Academic journal article Journal of Environmental Health

Part 3: Public Health Indicators Associated with Land Reuse and Redevelopment: Results of a 40-Community Analysis

Academic journal article Journal of Environmental Health

Part 3: Public Health Indicators Associated with Land Reuse and Redevelopment: Results of a 40-Community Analysis

Article excerpt

Background

This final series installment highlights the development of a set of community-derived public health indicators associated with land reuse and redevelopment created using the Agency for Toxic Substances and Disease Registry's (ATSDR) Action Model (ATSDR, 2019). We designed the Action Model to engage communities in land reuse and redevelopment plans with a goal to measure changes in overall community health status. To track these changes, the Action Model promotes the development of community-derived health measures across a broad range of public health categories, from physical and mental health to environmental and economic health.

ATSDR introduced the first three Action Model pilot communities in a publication in the July/August 2013 issue of the Journal of Environmental Health (Berman & Forrester, 2013). By 2018, over 45 different communities across the U.S. have used the Action Model in redevelopment planning. Our objective was to create a data set of types of community-derived public health indicators associated with land reuse and redevelopment. Our secondary objective for creating the set of indicators was to provide a resource to accompany the Action Model that communities can use for measuring outcomes of land reuse and redevelopment activities that can lead to improved overall community health status.

Methods

Communities who used the Action Model were community partnership pilot communities (i.e., communities in which we provided technical assistance on land reuse) or grantees from a past funding program (i.e., ATSDR community health projects related to contamination at brownfield/land reuse sites). Collaborative relations with over 45 Action Model communities provided us access to these Action Models and an opportunity to consolidate the models with the intention of developing a set of community-derived public health indicators associated with land reuse and redevelopment. We ultimately consolidated 40 Action Models to a set of 69 public health indicators through an iterative process of data consolidation and assessment:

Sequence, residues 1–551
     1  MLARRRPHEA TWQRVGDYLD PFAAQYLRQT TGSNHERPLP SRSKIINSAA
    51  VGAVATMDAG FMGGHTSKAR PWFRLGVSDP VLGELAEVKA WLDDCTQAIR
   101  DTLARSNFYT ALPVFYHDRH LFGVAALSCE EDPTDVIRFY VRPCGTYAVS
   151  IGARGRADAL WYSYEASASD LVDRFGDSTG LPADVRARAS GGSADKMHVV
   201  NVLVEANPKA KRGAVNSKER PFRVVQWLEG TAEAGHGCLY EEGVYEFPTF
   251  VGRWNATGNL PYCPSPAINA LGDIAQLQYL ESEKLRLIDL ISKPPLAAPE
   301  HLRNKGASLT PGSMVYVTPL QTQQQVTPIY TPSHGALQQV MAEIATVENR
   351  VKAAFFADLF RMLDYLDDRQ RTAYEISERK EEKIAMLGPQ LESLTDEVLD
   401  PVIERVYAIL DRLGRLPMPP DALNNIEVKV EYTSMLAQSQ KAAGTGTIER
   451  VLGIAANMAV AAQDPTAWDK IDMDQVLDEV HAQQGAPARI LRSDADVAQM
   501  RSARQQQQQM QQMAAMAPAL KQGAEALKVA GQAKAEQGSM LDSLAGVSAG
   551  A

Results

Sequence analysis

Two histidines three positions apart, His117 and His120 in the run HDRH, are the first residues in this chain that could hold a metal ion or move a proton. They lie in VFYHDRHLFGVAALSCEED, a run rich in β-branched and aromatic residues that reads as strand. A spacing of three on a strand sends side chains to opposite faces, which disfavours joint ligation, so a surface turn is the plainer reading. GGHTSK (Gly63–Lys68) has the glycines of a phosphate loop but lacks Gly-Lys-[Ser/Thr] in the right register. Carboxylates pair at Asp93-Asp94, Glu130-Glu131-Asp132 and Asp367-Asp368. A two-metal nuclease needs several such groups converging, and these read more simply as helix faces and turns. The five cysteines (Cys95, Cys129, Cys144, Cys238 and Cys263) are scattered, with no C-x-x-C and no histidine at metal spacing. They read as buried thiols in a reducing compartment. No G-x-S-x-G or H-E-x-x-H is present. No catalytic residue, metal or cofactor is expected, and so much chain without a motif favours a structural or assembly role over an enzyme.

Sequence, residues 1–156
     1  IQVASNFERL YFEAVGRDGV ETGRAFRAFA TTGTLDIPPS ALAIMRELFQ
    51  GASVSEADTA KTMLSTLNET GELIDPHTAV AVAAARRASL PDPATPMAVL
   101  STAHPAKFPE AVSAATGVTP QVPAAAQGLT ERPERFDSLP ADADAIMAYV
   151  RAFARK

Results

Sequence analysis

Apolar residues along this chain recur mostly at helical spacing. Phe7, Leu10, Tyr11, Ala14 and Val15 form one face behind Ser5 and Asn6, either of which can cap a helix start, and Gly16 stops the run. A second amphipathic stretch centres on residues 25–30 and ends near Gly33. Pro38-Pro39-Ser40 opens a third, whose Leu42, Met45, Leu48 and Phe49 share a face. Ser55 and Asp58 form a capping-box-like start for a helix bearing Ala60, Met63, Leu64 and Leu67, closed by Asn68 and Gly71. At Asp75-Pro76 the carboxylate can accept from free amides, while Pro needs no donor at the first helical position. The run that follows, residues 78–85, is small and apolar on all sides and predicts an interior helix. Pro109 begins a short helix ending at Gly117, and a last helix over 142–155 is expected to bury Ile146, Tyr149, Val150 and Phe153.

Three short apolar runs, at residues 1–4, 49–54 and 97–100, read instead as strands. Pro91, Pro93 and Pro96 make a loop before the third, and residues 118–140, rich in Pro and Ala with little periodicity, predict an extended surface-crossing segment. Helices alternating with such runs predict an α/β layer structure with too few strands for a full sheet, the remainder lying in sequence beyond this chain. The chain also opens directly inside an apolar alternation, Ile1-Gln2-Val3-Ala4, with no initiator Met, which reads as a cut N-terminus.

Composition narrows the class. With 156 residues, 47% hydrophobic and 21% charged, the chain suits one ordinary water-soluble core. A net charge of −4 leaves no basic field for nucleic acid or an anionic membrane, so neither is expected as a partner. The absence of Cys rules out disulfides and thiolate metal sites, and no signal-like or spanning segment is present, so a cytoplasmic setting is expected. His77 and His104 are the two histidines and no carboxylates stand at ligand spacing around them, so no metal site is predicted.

1. Abstraction: We abstracted all indicators from the Actions Models into Microsoft Excel, resulting in several hundred different community-derived indicators. We categorized indicators by various community-selected health categories in one spreadsheet. Categories were not modified at this time.

2. Consolidation: We combined or separated multiple duplications of public health categories and multiple duplications of indicators. This work required multiple iterations. For example, the indicator of access to green space appeared under categories of Environment, Built Environment, and Economy. We eliminated these duplicates and moved this indicator under Environmental Improvement as it appeared there more frequently. We then grouped the indicators related to access to green space and recreation into one category (e.g., trails, parks, and playgrounds, to name a few). An indicator related to partnership and funding for environmental improvement efforts appeared under both Environment and Economy but more frequently under Environment. As such, we grouped these indicators under a new category called Environmental Resources. We did not include indicators that were specific to only one community, such as odor issues.

3. Recategorization: With the exclusion of indicators specific to only one community, anywhere from a minimum of 4% to a maximum of 58% of communities derived common indicators. The average percentage of communities that derived similar indicators was 18% and the median percentage that derived similar indicators was 13%. We rounded the average value of communities that derived common indicators to 20% and selected that as the cutoff value for inclusion in the data set. We then grouped indicators that were commonly derived among the 40 communities under 9 community health categories. The regrouping of indicators in the consolidation process made some community-selected category names irrelevant and warranted the renaming categories. …

Search by... Author
Show... All Results Primary Sources Peer-reviewed

Oops!

An unknown error has occurred. Please click the button below to reload the page. If the problem persists, please try again in a little while.